Hannah Lane, co-author of 'Dress with Sense: The Practical Guide to a Conscious Closet', is at the forefront of sustainability in fashion and working to reduce waste in the fashion and textile industry. Here she talks about the positive changes that people can make to benefit their wardrobe, their pocket and the environment.
Seven years ago Hannah joined the NGO Redress, which works to reduce waste in the fashion industry, aiming to create awareness there, as well as among students and consumers, of fashion’s impact on the environment. Here are her top tips to help you get started.
Buy less: ‘There are a growing number of heavy books about working conditions or the environmental impacts of the industry and it’s easy to plunge into despair. Our book Dress [with] Sense is accessible to all; it’s about how to make a start, however small. If you reach just one person and they decide to buy ten tops instead of 20 over the course of a year then for us that’s a step forward, and if half of those tops are made of recycled cotton or are secondhand that’s even better.’
Buy better: ‘I’m on the fence about shopping at high street stores. Inherently those shops are part of the problem because they churn out new collections so often, but if you know you’re going to wear something a lot and you’ll look after it, then it’s OK. I’ve got an H&M T-shirt I bought 15 years ago, it fits me well and I still wear it – I’ve sewn up holes. It’s all about looking for quality materials, checking the seams, and asking, “Do I love it?”. Try not to buy it immediately, then come home to find you’ve already got two similar things. I have a 24-hour rule: if I’m still thinking about the item a day later, only then do I buy it.’
Wash less: ‘I did a mini-survey asking people how often they dry-cleaned an item such as a cashmere cardigan. Because of the effort to go to the cleaners and the cost, they did so every ten to 20 wears, while if it was a machine-washable cardigan they were washing it after two wears or so. We’ve got so used to the convenience of being able to chuck our stuff in the washing that we don’t realise that it’s actually degrading our clothes. The more we wash and tumble-dry them, the more fibres are lost, not to mention the fact that polyester fibres pollute the water. If everyone in the UK washed their clothes ten percent less, there would be a 2.6 per cent reduction in the UK’s CO2 emissions.’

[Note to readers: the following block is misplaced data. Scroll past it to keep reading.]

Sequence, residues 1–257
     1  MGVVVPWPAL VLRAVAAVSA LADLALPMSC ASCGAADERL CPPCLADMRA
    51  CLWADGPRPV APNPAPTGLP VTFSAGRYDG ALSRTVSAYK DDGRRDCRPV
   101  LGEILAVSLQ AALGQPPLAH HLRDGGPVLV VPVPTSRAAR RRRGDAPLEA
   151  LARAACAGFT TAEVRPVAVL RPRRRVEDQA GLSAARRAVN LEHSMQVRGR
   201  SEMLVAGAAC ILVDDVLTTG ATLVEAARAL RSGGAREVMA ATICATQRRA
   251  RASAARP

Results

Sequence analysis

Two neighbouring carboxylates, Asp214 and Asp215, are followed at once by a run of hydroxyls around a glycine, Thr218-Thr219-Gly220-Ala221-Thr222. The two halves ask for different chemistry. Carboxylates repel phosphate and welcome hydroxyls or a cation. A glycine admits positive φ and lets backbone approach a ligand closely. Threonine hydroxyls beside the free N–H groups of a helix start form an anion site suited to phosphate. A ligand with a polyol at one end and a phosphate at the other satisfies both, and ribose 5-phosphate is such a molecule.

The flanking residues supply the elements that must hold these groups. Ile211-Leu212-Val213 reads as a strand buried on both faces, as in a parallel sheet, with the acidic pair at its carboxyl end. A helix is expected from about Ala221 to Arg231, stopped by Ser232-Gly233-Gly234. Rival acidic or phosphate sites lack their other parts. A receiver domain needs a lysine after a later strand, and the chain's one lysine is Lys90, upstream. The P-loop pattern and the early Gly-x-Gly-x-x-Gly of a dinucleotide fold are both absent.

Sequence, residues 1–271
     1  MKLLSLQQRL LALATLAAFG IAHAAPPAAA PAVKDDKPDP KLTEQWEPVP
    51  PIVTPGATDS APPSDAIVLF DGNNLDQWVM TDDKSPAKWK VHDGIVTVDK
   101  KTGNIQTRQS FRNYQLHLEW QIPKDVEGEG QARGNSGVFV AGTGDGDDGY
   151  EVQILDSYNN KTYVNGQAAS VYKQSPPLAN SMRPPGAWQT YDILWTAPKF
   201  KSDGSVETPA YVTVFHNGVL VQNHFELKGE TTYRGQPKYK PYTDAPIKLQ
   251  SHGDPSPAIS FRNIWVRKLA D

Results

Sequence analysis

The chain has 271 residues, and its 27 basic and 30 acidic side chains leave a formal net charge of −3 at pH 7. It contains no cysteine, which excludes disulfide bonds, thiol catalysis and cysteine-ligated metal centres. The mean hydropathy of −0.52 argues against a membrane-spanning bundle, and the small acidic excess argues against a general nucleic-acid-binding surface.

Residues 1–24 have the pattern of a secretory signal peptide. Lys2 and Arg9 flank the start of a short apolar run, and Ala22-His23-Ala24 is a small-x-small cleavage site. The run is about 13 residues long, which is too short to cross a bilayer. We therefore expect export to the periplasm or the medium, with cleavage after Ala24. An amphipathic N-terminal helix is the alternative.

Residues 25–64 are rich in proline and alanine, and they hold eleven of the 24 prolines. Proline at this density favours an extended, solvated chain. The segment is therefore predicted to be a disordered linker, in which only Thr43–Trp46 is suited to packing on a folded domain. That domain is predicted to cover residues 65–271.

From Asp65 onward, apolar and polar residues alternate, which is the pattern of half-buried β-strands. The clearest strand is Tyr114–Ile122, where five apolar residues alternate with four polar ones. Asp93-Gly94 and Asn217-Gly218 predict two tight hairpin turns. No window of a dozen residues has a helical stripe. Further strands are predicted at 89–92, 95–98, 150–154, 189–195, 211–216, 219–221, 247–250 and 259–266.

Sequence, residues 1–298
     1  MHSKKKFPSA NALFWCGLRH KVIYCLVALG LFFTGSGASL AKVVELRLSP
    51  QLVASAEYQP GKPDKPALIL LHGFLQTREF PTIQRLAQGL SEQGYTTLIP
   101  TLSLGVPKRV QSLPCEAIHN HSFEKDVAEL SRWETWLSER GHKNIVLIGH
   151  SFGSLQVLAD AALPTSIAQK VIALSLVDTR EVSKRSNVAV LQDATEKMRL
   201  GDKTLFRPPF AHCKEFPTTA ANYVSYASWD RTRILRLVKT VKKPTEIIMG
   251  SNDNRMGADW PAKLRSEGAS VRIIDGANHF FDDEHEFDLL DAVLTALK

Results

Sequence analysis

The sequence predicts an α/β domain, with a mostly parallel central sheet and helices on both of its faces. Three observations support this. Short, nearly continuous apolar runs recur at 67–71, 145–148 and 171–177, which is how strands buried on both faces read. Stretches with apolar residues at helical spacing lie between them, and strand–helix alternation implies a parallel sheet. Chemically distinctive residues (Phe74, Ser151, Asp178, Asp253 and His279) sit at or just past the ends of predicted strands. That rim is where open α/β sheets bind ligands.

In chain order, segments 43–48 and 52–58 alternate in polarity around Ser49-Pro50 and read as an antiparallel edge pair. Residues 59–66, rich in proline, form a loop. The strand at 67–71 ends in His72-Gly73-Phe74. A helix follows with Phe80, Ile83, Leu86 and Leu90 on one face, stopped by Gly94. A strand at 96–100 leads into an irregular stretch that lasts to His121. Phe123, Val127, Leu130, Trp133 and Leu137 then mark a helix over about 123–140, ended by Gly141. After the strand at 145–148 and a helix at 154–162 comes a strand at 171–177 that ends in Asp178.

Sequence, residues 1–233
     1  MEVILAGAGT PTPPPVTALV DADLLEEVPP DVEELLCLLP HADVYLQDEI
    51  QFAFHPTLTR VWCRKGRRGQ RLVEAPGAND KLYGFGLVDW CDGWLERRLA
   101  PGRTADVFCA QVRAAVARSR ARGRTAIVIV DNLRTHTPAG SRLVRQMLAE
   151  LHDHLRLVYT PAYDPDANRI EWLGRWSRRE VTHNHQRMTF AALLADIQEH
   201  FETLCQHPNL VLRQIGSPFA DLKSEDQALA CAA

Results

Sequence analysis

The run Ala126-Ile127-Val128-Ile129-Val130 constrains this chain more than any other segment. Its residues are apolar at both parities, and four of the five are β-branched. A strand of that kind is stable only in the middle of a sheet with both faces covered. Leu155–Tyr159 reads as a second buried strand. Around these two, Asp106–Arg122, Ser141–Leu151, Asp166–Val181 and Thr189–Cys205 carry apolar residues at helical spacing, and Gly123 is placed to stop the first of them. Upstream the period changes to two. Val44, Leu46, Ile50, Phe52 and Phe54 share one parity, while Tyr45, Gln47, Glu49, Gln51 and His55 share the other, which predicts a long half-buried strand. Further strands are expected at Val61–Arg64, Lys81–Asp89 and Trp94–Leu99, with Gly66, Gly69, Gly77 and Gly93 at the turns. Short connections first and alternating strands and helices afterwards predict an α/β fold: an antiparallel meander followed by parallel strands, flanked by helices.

Yes, even sportswear: ‘There are all sorts of refresher sprays you can use to minimise washing. In the book we highlight a great brand called Mr Black’s Garment Essential, founded by Ash Black, who’s an advocate of only washing your jeans once a year – experiments have found there is not much difference in the bacteria found on jeans after two weeks and after 15 months. The Mr Black range even includes a spray for sportswear – a little controversial as people like to wash theirs after every use even though it’s only worn for an hour or so at a time.’
Recycle: ‘People tend to throw tights and underwear away because they don’t realise they can be recycled. Many textile banks now accept everything, any scraps of fabric, but so much of our clothing is still ending up in landfill. It’s good to delve into how donations are processed as some charity shops are not that careful about how they get rid of the clothes they can’t sell in store – some only sell about ten per cent of donations. People haven’t been asking these questions and it’s quite difficult to know how to do the right thing. Sometimes I choose the textile bank over the charity shop because that way I know the least amount is going to end up in landfill, and some textile companies will skim off the good clothes and re-sell them as second-hand.’
Be a conscientious consumer: ‘I strongly believe that the fashion industry needs to do more but I also think that to do so, it has to be hassled by consumers, because on the whole the industry thinks consumers don’t care and that’s why it’s carrying on as if it’s business as usual for the most part. But once you realise there is more behind your clothes than a fashion store – a mother in Bangladesh working all hours to support her children or a polluted water system in a village in China – you can’t come back from that. You can’t ignore it.’
Interview by Markie Robson-Scott